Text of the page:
Patterns of habitat-use are used widely as management guides in the conservation of wildlife. However, even for relatively well-studied species, such the Green and Golden Bell Frog Litoria aurea, our knowledge of specific habitat requirements is lacking.
This study sought to compare the patterns of breeding habitat shown by L. aurea in New South Wales (NSW), Victoria and New Zealand (where it is a feral species), with those described in an earlier study of Pyke and White (1996), to review the conservation status of this species in Victoria,and to relate its observed patterns of distribution and habitat-use to the distribution of the introduced Plague Minnow (Gambusia holbrooki in Australia; G. affinis in New Zealand).
We found that L. aurea used similar breeding habitats in NSW,Victoria and New Zealand.Across these areas its breeding is almost completely restricted to water bodies that are still, relatively unshaded, and low in salinity (i.e., <7.3 ppt). All of its known breeding sites are highly disturbed,mostly through human activities but also through flooding and other natural processes. It generally breeds in small (i.e., <1000 sq m), shallow (i.e., <1 m) ponds that are either ephemeral or fluctuate significantly in water level, are free of Gambusia and other predatory fish, and have emergent aquatic vegetation. Its breeding habitat also usually has potential shelter provided by nearby rocks or thick, low vegetation.
Yet L. aurea is adaptable to different habitats and we found it breeding in a wide range of conditions including ponds lacking emergent vegetation and those already colonised by Gambusia. Breeding ponds ranged in terms of substrate, nearby terrestrial vegetation, water source, and water properties including turbidity, dissolved oxygen, oxidation reduction potential, pH and temperature.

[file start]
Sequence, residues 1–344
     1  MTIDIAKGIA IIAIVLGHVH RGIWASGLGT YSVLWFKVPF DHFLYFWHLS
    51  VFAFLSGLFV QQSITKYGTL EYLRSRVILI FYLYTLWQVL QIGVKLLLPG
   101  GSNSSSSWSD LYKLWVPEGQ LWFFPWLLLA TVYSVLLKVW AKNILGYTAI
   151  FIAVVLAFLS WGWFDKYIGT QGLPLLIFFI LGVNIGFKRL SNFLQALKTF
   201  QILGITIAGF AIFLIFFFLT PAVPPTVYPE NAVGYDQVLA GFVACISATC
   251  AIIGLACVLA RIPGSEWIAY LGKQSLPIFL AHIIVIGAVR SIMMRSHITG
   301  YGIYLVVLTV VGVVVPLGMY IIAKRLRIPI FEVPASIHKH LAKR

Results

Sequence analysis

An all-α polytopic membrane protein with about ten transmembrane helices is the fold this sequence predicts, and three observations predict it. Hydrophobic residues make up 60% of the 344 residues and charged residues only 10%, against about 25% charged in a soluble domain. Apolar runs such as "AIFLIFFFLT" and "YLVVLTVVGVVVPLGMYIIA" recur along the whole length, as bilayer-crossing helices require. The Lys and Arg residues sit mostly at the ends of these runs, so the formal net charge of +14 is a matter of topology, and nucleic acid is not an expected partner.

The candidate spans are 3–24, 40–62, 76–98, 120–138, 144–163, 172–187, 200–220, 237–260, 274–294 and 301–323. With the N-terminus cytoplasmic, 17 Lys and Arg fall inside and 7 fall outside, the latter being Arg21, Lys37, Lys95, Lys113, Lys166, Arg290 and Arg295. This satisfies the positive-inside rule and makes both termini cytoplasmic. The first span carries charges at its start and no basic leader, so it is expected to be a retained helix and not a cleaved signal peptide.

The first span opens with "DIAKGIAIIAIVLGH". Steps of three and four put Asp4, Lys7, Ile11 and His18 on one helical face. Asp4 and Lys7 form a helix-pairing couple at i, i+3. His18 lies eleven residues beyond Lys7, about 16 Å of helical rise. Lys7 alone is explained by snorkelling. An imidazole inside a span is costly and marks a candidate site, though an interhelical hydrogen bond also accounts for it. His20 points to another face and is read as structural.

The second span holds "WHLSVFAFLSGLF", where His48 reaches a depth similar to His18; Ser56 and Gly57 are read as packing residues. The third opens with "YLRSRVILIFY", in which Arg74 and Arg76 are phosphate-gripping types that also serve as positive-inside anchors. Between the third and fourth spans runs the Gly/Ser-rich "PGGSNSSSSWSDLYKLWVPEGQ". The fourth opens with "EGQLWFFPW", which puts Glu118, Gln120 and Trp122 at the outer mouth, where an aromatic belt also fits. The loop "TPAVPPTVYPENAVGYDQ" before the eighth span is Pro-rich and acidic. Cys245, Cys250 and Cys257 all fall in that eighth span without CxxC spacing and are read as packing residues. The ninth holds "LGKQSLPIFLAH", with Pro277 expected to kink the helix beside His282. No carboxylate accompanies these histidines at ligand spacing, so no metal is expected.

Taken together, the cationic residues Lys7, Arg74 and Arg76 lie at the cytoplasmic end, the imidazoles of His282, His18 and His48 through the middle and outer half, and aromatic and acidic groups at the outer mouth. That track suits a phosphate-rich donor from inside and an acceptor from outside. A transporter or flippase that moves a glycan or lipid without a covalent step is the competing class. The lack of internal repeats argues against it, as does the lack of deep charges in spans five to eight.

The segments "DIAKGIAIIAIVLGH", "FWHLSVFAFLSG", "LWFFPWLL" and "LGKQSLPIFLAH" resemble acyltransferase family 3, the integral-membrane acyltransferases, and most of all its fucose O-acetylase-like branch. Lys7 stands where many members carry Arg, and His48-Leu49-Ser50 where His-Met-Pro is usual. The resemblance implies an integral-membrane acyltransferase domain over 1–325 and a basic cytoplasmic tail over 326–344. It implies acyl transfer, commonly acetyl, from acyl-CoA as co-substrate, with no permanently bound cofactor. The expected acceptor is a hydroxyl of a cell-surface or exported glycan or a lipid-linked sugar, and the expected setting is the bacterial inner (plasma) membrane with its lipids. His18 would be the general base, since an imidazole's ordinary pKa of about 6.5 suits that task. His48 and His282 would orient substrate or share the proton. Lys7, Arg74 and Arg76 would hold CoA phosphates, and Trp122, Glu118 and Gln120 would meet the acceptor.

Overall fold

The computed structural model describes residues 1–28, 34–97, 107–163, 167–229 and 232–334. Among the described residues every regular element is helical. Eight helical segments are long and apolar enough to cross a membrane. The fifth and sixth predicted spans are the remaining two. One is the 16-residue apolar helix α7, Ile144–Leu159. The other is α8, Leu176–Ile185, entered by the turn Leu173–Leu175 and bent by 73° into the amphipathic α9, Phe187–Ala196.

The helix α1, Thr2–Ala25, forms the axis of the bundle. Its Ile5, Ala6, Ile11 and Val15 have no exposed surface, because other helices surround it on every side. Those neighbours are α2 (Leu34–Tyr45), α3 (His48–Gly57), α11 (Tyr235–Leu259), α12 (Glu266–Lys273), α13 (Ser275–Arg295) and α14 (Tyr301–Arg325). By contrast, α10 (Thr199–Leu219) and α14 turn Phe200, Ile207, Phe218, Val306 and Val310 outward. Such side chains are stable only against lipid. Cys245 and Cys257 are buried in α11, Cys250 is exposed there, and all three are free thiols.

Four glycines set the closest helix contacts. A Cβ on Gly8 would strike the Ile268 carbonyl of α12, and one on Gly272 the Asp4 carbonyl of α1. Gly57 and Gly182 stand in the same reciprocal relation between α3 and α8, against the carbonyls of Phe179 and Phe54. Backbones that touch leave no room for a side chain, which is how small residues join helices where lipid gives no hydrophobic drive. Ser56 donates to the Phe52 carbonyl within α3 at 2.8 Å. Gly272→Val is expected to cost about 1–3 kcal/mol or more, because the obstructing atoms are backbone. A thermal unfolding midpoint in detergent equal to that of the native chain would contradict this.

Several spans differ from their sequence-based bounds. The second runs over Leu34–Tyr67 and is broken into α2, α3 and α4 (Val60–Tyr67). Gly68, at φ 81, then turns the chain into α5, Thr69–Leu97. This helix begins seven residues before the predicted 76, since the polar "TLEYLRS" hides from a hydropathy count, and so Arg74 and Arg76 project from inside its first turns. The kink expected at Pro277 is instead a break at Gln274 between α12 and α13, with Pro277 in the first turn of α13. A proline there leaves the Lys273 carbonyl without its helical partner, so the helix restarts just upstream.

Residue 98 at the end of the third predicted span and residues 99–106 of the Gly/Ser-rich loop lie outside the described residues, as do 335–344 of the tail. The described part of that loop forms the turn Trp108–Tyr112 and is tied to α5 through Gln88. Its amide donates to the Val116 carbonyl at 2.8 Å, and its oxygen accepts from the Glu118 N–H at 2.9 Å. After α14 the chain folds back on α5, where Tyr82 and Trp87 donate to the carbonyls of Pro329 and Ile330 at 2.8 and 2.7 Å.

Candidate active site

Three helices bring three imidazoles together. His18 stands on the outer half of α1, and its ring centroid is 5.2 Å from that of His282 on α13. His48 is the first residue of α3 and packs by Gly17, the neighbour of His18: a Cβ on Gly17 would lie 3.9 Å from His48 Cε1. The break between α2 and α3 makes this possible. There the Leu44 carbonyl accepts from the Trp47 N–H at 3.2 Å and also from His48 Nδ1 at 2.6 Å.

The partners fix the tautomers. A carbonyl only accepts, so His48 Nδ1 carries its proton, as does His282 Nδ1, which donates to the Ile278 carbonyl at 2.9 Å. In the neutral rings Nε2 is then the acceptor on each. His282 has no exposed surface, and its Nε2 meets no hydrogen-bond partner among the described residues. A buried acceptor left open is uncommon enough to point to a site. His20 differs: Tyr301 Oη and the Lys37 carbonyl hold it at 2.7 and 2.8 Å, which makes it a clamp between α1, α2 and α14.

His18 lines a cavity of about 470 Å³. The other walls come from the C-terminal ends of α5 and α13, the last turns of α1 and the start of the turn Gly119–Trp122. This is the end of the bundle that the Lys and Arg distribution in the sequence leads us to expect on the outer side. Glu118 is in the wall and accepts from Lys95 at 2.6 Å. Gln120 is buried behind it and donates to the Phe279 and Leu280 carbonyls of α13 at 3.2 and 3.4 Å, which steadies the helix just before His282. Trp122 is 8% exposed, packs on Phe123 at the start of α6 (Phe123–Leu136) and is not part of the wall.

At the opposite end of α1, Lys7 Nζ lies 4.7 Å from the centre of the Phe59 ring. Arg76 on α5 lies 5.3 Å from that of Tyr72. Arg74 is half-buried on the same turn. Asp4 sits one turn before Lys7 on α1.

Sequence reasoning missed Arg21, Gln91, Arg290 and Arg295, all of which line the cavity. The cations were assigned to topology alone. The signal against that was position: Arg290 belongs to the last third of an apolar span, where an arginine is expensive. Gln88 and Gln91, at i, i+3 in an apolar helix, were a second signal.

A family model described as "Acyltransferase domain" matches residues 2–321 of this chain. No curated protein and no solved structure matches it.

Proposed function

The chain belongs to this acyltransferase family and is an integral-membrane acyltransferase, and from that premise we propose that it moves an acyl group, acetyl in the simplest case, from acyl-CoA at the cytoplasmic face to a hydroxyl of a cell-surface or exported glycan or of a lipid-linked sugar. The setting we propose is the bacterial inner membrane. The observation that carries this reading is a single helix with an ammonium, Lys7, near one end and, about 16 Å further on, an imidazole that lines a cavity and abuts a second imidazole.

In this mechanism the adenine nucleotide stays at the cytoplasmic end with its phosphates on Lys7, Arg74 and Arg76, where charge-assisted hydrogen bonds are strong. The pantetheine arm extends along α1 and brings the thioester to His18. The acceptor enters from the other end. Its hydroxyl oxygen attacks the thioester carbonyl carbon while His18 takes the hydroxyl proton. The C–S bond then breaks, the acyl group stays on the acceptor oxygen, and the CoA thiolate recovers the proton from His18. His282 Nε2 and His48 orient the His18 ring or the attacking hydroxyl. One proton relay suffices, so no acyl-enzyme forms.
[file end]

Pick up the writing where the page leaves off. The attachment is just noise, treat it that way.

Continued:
Gambusia may have had a negative impact on the distribution of L. aurea in New Zealand and could threaten populations in Victoria.We failed to find L.aurea at sites in New Zealand where it had previously been reported but that are now colonised by Gambusia. This fish has not invaded L. aurea habitat in Victoria, but it can potentially do so from nearby regions. Further surveys for L. aurea in Victoria and New Zealand seem warranted.
Paradoxically New Zealand may offer unique opportunities for further research on the biology of Australian frogs. The commonly encountered frogs in New Zealand are three Australian species, two of which (i.e., L. aurea and L. raniformis) are considered threatened with extinction in Australia. It may be possible in New Zealand to study relatively large populations of these Australian frog species, in relatively simple frog communities and habitats. Because these species are not protected in New Zealand, field studies can also incorporate experimental manipulations not readily possible in Australia.